It was an episode of World of Warcraft themed CelebriD&D starring Terry Crews. (I imagine more than a few of you have watched it!). Long story short we gave it a try and my kids were enthralled! They thought it was hilarious. My son thought that Terry Crews’ character ‘Thodak the Blacksmith’ was the coolest, but my daughter loved Marisha Ray’s goblin ‘The Ritz.’ If you haven’t watched it (or any of the other CelebriD&D episodes) and you like that sort of thing I suggest you give it a shot. It was great fun. Of course, my kids have never played World of Warcraft, so when we finally finished watching all the CelebriD&D episodes we watched the World of Warcraft movie, which is currently on Netflix. My husband fell asleep (he’s recently given up coffee, so I wouldn’t hold that against the film), but the rest of us liked it.

While we’re on the topic of random online videos that we’ve enjoyed, I also got a lot of laughs from Joe Manganiello’s and Stephen Colbert’s Dungeons and Dragons interview. Oh! And (not nerd related at all) Robert Irwin’s appearance on Jimmy Fallon with Kevin Hart. Obviously, Kevin and Jimmy are hilarious, but man! Robert is so enthusiastic and adorable! I love it!

We’ve been watching Paizo’s Twitch Channel recently. The Doomsday Dawn live play episodes look interesting, but I’ve yet to give them a try. Admittedly, I don’t have the time to watch them. Haha. I don’t watch anything live, but when I can find the time (usually while preparing vegetables for dinner or something) I put on a shorter video. I regularly watch the Pathfinder Friday episodes (which are a whole lot of Deconstructing Doomsday Dawn recently!). But my favourite? I ADORE Starfinder Wednesdays! May of the recent episodes preview the Against the Aeon Throne adventure path (and information related to it). Recently they started making episodes about different planets in the Pact Worlds. Eox was first. Then Aucturn. And tonight they’re going further afield to the planet Daimalko. Awesome! My kids even love sitting down to watch these ones. It’s such a great way to get the feel for the many planets across in an engaging way. I hope they keep it up!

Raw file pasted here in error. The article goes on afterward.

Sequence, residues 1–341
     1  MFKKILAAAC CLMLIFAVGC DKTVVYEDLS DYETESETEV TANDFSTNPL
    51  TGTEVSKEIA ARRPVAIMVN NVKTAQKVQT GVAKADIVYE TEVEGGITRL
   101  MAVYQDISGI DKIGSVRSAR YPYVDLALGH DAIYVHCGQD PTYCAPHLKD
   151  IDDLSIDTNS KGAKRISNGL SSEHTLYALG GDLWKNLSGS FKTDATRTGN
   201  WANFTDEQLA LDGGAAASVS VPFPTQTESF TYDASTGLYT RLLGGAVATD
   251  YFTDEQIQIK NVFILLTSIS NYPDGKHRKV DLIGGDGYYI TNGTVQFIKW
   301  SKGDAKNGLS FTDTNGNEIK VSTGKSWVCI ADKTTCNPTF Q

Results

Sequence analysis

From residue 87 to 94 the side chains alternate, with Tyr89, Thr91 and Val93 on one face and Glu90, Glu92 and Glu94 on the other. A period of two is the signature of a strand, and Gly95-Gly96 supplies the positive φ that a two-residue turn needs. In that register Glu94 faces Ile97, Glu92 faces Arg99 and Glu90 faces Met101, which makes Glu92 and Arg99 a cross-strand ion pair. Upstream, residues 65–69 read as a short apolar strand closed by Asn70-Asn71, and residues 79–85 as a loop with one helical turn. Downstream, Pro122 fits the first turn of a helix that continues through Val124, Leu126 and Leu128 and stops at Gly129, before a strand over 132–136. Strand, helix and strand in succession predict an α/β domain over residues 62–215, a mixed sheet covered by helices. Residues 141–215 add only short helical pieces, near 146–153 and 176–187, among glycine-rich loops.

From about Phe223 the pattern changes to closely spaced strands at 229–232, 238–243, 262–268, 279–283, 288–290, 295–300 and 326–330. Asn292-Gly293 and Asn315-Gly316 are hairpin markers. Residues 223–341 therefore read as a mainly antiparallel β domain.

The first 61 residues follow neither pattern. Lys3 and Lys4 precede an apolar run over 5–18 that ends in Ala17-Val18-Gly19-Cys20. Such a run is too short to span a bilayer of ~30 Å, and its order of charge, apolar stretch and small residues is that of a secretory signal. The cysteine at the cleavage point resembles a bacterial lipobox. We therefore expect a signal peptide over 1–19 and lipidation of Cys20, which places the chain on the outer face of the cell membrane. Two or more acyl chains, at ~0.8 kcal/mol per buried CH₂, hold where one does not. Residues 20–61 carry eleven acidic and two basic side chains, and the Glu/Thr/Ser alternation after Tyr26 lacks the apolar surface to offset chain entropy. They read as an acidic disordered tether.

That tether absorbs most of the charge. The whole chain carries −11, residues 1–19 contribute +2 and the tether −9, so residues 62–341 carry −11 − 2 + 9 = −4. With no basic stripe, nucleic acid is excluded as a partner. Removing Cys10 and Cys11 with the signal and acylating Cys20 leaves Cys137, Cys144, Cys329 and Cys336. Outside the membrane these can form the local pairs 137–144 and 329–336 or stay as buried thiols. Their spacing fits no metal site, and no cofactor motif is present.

Speaking of making gaming engaging, I recently stumbled upon the work of Craig Bailey, a GM who makes props to go along with his games. Most of them are from Starfinder’s Dead Suns adventure path and WOW! Are they ever amazing!  Field notes, passports, news clips, and even mock websites where the players can attempt to sift through an NPCs emails! AWESOME! If you haven’t heard of him (and especially if you’re GMing Dead Suns) be sure to look him up on twitter or youtube!

Seriously.

I can’t even imagine the effort put into these ‘handouts.’

*standing ovation*

 In other news (sort of) I read the Dragon+ Magazine whenever I have the time (which is rarely. Did I mention I’ve been busy lately? Haha). For those of you who don’t know it’s a free Dungeons and Dragons web-magazine you can view online or through the Dragon+ app. But, this last issue I made sure to make the time to give it a read. Why? RAVNICA!

D&D Ravnica
D&D: Guildmasters’ Guide to Ravnica

As some of you may be aware, I don’t just plat d20 games. I love all kinds of games. Including collectible card games. And, although my kids love Pokemon, my game of choice is Magic: The Gathering. By far. Love it. I love the game, the art, the lore, the worlds… Everything except the COST! Haha. So when I heard that Dungeons and Dragons was joining forces with Magic: the Gathering and releasing a Ravnica campaign sourcebook I squealed in glee. Then I thought: “It’s about time!” Cause, really! They’re both Wizards of the Coast! Why did this take so long?!? D&D: Guildmasters’ Guide to Ravnica is due out near the end of November, but is already available for preorder on amazon. Even better? At the time of posting it’s twenty dollars off the regular price. If only I had someone to buy it for! (Other than myself…).

A girl can dream.